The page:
“You are doing great job” : feedback from stakeholder in Tamale

“How long we waiting?”, Lucy asks, as we sit under a small mango tree.

We are sitting outside the Cienfuegos Suglo Specialist Hospital, an obstetrics hospital in Tamale, Ghana and my patience is growing thin.

The hospital’s director, Dr. Barnabas B. Naa Gandau, is yet to arrive for the day and it’s already 3 p.m. .
We got here at 11 this morning. The head midwife, Hajia Fati Mahama, welcomed us to the nursing station and let us watch as they cleaned instruments and filled charts. But they won’t speak to us “on the record” until the hospital administrator arrived. Like most institutions in Ghana, we are side-lined by endless bureaucracy.

Lucy, my pupil, is impatient to leave while I try to stall. A nurse runs out after us, just in the nick of time.

“He will be here soon. You will see.”
As if it was summoned, a gleaming silver SUV pulls down the red, dirt road. It pulls into the makeshift garage, under a small gazebo awning.I leap to the SUV’s doors, to intercept Gandau.

Soon we are being ushered into his office with its sparkling floor and top of the line computer. As soon as we sit down, Gandau asks for our credentials. I stammer.

“How do I know you who you say you are?” Gandau asks, skeptically.

We write down our names and contact information on scraps of paper, as a form of shotgun business card.

I quickly start explaining our intent. We’re here to do a story on Ghanaian attitudes about labour and delivery.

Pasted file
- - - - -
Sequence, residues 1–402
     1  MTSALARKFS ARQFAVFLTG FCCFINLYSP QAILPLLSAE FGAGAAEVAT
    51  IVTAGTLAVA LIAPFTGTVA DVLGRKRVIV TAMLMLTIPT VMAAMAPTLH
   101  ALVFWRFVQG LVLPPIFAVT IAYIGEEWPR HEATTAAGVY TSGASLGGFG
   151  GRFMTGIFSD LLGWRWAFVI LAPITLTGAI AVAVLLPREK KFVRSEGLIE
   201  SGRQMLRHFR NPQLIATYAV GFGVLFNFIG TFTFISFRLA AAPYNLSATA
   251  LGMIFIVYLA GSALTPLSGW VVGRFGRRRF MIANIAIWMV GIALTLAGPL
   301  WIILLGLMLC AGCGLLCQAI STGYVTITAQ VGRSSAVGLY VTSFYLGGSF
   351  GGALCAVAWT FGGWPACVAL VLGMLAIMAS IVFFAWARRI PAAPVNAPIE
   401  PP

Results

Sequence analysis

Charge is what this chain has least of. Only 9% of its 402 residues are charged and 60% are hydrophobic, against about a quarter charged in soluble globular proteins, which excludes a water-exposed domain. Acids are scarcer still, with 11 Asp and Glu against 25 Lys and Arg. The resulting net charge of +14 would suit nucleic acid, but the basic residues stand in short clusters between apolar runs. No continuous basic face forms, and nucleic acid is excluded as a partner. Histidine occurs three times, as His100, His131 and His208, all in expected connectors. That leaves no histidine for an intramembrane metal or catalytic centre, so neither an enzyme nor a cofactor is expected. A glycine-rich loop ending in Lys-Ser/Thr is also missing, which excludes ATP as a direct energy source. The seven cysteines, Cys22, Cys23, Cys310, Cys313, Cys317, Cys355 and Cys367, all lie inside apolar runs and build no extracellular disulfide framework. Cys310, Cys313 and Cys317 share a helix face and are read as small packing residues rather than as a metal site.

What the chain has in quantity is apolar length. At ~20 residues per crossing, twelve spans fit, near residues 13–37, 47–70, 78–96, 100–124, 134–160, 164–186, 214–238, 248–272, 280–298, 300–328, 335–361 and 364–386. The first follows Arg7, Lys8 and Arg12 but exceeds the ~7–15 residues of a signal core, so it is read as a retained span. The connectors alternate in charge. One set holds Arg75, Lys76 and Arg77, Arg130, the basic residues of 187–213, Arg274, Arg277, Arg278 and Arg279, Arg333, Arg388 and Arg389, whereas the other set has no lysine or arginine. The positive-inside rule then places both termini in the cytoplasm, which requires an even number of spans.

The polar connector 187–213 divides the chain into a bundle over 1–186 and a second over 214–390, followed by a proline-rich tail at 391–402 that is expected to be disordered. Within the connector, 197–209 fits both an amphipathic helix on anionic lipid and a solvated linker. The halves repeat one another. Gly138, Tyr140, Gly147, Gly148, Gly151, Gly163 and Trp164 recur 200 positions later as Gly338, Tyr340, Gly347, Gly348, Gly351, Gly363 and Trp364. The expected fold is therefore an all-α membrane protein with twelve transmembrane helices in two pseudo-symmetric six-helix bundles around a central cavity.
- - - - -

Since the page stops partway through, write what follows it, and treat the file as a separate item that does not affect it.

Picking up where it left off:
I tell Gandua I’m a human rights journalist and his ears perk up.

He lists the steps to gaining access to the hospital. First we will need a letter of introduction, printed on the station’s letterhead. Then we will need to file a list of questions we want to ask. This could take weeks. I persist that we need to speak to the nurses now. Eventually, he acquiesces.

We interview nurses, new mothers and a few gurgling babies. We get insightful and interesting tape. Lucy and I are ecstatic.

We rush back to the station and as I’m uploading the mp3s, I quickly check my email. The subject reads “trial” and there is no text. It’s from Gandau at the hospital.I send a reply; thanking him for letting us visit the hospital, making sure my jhr signature is attached.

A few days later, I get the following email:
“Just visited ur [sic] website and realize u [sic] are doing great job. God Bless you all.
Stay [sic]Blesed. -Dr. Barnabas B. Naa Gandau”.

See pictures from the Cienfuegos Suglo Specialist Hospital.

This entry was posted in Ghana, IYIP Rights Media Internships, Media Internships and tagged , , , on by .

About Gwyneth Dunsford

Gwyneth’s passion for journalism and radio grew from a year-long exchange she took to Oslo, Norway where she not only produced but also hosted an English-language radio program. In 2009 she studied media and communications in Washington D.C. through the prestigious Washington Center and during that time, she took a journalism ethics class at the Associated Press, sparking her interest in human rights journalism. Gwyneth has a journalism degree from the University of King’s College and a Comparative Literature and French degree from the University of Alberta. Gwyneth has freelanced for a variety of media outlets including Global Maritimes, News 95.7, The Chronicle Herald and Xtra! Canada. She now joins the Journalists for Human Rights team at Diamond FM Radio in Tamale, Ghana as a Rights Media Radio Intern.

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